Monday, May 27, 2013

Aboard the Train With the 40 & 8 For Memorial Day

It was a busy, but memorable, Memorial Day in Shreveport with multiple ceremonies and remembrances scheduled throughout the day.  Steve and I made two of them.

We were invited to ride the 40 & 8 Voiture 137 train to the Northwest Louisiana Veterans Cemetery in Keithville.  The 40 & 8 is a veterans organization and Steve was privileged to join them early this year.

We met up with friends and fellow train riders about 10:00.  Riding the train was grand fun! I should have taken a group picture of us all, but I am an idiot and failed to do so.  This is just part of our party:

This is the train:

There was about twelve of us riding today; we rolled along to the cemetery; our engineer, Jim, would sound the horn and run the siren on occasion and spotter Ed would fire the canon.  It was grand!

Inside there are bench seats on each side where everyone can sit comfortably.  The hero of the train was Janice who brought sandwiches and banana bread to snack on as we rode along!

Riding the train was a fun way to get from one event to another today and we had lots of laughs along the way.

We stopped at a gas station near the cemetery where the Patriot Guard staged and let me tell you, it was impressive seeing all those people.

I should have taken out my iPhone and made a panoramic picture of them all because you can't tell how many there were from this picture; but, I am an idiot and didn't think about that.

Steve climbed up on the front of the train to place our flag:

The ceremony at the cemetery began right before noon with the arrival of the Patriot Guard.  I tried to get video of the ride-in - it went on for quite a long time, but I'm still trying to figure out this new camera and I haven't tried the video function yet.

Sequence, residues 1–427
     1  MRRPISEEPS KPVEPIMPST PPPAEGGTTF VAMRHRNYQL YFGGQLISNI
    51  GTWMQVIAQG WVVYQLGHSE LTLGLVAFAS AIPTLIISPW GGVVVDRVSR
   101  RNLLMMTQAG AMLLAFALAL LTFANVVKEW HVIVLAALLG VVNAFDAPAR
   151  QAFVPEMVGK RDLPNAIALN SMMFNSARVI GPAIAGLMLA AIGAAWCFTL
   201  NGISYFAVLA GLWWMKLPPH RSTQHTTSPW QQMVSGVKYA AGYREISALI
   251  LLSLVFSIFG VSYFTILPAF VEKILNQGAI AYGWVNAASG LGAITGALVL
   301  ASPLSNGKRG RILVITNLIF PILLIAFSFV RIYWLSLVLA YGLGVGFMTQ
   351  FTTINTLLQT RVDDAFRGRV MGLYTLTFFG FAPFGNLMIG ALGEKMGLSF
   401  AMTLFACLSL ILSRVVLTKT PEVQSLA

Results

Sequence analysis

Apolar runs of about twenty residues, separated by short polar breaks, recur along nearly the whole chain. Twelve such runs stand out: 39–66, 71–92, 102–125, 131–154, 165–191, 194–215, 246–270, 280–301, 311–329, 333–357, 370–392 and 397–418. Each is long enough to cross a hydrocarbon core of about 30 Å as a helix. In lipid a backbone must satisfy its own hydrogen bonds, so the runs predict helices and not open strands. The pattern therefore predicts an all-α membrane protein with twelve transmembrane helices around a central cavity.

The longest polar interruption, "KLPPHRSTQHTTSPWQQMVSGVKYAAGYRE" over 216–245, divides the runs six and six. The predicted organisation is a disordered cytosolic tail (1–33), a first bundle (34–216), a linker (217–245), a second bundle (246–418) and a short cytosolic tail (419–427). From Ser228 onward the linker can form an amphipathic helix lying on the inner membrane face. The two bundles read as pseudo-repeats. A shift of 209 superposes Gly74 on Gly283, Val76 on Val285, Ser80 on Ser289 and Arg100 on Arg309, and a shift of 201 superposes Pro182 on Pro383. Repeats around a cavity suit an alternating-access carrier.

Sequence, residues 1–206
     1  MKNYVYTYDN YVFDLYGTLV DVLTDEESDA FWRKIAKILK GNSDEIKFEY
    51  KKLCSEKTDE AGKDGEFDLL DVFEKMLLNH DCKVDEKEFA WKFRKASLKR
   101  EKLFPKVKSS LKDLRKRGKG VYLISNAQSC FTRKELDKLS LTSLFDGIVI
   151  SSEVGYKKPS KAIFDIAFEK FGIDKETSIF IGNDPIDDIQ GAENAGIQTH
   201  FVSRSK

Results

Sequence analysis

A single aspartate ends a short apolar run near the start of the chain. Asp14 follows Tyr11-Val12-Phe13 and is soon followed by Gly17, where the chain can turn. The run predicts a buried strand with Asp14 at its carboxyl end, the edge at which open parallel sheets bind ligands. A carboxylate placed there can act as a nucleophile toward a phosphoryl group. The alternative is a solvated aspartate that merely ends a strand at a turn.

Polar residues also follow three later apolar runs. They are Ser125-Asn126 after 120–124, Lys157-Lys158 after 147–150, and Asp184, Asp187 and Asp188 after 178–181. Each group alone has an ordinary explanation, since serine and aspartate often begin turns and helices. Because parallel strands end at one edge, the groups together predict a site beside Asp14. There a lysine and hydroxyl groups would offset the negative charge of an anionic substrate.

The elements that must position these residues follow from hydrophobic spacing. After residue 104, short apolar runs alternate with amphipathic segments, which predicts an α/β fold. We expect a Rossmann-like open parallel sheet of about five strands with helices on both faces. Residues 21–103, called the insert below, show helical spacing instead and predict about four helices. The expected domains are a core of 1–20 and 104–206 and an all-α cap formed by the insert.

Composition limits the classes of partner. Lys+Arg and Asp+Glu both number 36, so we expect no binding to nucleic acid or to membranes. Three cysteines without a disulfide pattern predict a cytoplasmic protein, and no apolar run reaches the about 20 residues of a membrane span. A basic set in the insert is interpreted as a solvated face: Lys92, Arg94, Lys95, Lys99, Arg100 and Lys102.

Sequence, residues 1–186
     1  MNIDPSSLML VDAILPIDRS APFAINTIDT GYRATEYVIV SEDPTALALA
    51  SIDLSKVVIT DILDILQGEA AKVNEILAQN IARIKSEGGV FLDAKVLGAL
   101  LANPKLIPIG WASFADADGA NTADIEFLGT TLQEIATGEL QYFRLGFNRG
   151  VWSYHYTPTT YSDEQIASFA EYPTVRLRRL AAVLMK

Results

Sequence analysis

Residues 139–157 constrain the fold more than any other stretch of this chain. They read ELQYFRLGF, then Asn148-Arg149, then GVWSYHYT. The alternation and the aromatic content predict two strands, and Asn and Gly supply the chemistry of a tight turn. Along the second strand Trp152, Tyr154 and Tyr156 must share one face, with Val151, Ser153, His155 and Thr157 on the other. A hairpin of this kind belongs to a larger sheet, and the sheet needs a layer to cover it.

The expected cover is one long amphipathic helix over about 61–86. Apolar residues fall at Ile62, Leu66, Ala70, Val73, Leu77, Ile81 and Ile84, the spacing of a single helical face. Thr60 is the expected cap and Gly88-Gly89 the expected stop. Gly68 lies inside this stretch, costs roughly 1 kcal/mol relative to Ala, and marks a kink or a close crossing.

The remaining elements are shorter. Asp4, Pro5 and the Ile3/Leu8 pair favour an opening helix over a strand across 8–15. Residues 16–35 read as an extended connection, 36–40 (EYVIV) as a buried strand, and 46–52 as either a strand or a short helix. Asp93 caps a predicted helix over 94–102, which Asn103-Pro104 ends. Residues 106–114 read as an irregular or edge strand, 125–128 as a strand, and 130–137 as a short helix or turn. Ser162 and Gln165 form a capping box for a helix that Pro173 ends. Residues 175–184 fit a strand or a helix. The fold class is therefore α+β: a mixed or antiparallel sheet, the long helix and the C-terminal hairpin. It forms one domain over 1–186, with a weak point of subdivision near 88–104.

At twelve o'clock the flag was raised from half-staff.

Steve and his friend Ron Chatelain:

Ron spoke at the Hillcrest ceremony earlier in the day; we were sorry to have to miss it.

And this is John Powell of the 40 & 8 Voiture 137, Ron Chatelain, and Louisiana state commander of the American Legion Herbert Petit, Jr., who spoke at the ceremony:

There was a rather large crowd paying their respects today:

The wreaths were presented:

Taps was played, and it was done.

We boarded the train again, broke out the sandwiches and drinks, and headed over to the American Legion Post 14 on Cross Lake for the 2:00 ceremony by the Fleet Reserve, siren wailing every now and then and the occasional canon shot!

We got there in time for a quick drink in the bar before heading out to the point for the ceremony:

The bell tolled for the fallen:

The wreath was tossed upon the waters:

Shawn Bohannon, historian for the 40 & 8 Voiture 137 captures the moment:

At the end of the day we boarded the train once again and headed back to our car.

By 4:30 we had the grill fired up and loaded down with alligator sausage and chicken.  It was a solemn day of remembrance but I was glad to share it with good friends.

And thanks to our engineer Jim for letting me ride his train!

Thursday, true Memorial Day, the Louisiana Disabled Veterans group will hold a ceremony at Greenwood Cemetery located on Stoner Ave., just south of downtown.  The event begins at 10:00 and is a favorite of ours.  I encourage you to attend if you can.  The veterans section there is quite old and has graves dating back to the Spanish American War.

1 comment:

edutcher said...


I'd heard of the 40 & 8 as a kid, but had no idea they were still around.

My compliments to your husband and his compatriots.